Recently, I received a medal (a rather squashed chocolate medal) from my neighbour’s four-year old nephew Henry. Henry heard me talking about the Carers UK event where I suddenly realised that I was a ‘veteran’ carer with 50 years of caring – for my mother with dementia, my husband with cancer, heart failure and dementia and a son with learning disabilities. Impressed, Henry asked if I had been in any big battles, did I have a sword and was I still a soldier? His interest faded when I explained that I was part of the growing army of carers (an estimated 8.8 million) but brightened when I told him that we family carers were estimated to save the government £132 billion pounds per annum. ‘You’re worth a lot’ he said admiringly, ‘I should have given you a bigger medal.’
As a ‘veteran’ carer, I have been privileged to work with NICE to develop the guideline on ‘support for adult carers’. During my caring life, I have seen major developments in what we expect of carers. The 2014 Care Act transformed the legal and policy framework for carers. For the first time we were given the same recognition, respect and ‘parity of esteem’ as those we support. Now we had a ‘once in a lifetime’ opportunity to be valued as partners in care rather than veterans in survival mode.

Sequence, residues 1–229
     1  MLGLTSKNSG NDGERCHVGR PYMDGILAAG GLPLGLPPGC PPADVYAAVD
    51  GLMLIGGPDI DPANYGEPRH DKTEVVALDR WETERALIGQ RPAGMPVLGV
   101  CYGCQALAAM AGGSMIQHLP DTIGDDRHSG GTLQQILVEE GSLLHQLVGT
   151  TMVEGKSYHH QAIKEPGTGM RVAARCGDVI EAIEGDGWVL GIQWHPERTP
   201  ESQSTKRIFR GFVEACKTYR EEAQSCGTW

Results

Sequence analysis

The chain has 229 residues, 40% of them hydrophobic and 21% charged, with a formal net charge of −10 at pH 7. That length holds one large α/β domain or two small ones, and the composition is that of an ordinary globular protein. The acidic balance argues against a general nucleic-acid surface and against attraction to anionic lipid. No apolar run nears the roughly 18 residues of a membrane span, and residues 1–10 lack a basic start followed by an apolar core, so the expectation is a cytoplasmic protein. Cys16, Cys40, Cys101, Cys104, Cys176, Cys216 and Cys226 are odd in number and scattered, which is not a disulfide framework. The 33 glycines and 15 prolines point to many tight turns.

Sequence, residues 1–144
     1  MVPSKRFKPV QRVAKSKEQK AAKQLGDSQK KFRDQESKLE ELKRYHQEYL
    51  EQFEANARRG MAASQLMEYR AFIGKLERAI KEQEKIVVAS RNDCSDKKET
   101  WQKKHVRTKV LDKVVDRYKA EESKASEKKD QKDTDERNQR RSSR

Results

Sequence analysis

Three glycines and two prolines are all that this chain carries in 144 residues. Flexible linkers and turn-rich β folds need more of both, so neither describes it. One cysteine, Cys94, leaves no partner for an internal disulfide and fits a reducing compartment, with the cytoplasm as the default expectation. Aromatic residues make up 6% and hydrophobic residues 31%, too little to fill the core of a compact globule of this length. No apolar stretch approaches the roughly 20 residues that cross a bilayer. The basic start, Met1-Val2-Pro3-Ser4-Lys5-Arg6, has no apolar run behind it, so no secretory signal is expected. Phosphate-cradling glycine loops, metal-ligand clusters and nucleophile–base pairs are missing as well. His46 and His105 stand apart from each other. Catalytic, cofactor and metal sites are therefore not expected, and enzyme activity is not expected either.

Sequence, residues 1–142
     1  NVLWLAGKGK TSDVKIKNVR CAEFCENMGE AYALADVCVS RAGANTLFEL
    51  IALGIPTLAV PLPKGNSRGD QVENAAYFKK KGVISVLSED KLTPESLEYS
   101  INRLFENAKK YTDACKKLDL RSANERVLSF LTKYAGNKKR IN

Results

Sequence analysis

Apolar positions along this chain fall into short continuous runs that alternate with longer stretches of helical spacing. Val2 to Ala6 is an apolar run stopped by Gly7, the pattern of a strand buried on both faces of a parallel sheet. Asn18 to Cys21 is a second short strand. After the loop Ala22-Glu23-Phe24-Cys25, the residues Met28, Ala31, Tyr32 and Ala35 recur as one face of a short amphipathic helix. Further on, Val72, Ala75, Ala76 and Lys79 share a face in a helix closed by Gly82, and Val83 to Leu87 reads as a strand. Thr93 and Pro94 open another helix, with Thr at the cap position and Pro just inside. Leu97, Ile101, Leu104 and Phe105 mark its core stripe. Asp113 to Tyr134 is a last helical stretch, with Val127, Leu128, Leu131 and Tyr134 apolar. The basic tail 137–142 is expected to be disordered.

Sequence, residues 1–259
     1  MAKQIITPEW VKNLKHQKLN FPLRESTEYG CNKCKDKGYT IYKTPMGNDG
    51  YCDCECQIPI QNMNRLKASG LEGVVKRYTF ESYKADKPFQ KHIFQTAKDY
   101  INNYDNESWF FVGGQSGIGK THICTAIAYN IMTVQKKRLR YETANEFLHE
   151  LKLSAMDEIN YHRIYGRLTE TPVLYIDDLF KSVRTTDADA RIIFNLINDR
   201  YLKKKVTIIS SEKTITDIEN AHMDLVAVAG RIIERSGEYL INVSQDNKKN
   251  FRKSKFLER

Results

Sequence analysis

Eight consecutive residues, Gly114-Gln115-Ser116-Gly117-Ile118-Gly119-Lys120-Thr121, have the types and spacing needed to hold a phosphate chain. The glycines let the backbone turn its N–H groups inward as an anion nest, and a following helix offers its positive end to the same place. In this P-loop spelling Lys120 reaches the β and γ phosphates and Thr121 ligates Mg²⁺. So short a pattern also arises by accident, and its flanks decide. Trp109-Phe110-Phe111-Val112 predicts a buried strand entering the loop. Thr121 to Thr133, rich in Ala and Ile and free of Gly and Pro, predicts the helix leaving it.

But legislation alone can’t change lives. The ‘battle’ Henry envisaged has been ongoing, often with a lack of clarity, about what support for carers should look like. The Care Act 2014 encouraged a sea change in supporting carers to lead ordinary lives. But the rhetoric did not always match the reality. We know that three million carers juggle the complexities of paid work and care – and as we look towards demographic change and the ‘100 year life’, we know that caring will become everybody’s business as we age and live with more complex disabilities and long-term conditions. The Care Act (and the guideline which clarifies it) are about more than survival. They are about wellbeing and quality of life.
Importantly, the guideline emphasises the importance of collaborative care. Good care and support for carers means families, professionals, providers and commissioners working together to improve lives. In the future, I hope that with the guideline, we won’t need swords (or chocolate medals) but can use it to transform support for carers and drive a better understanding and optimism amongst those who support them.
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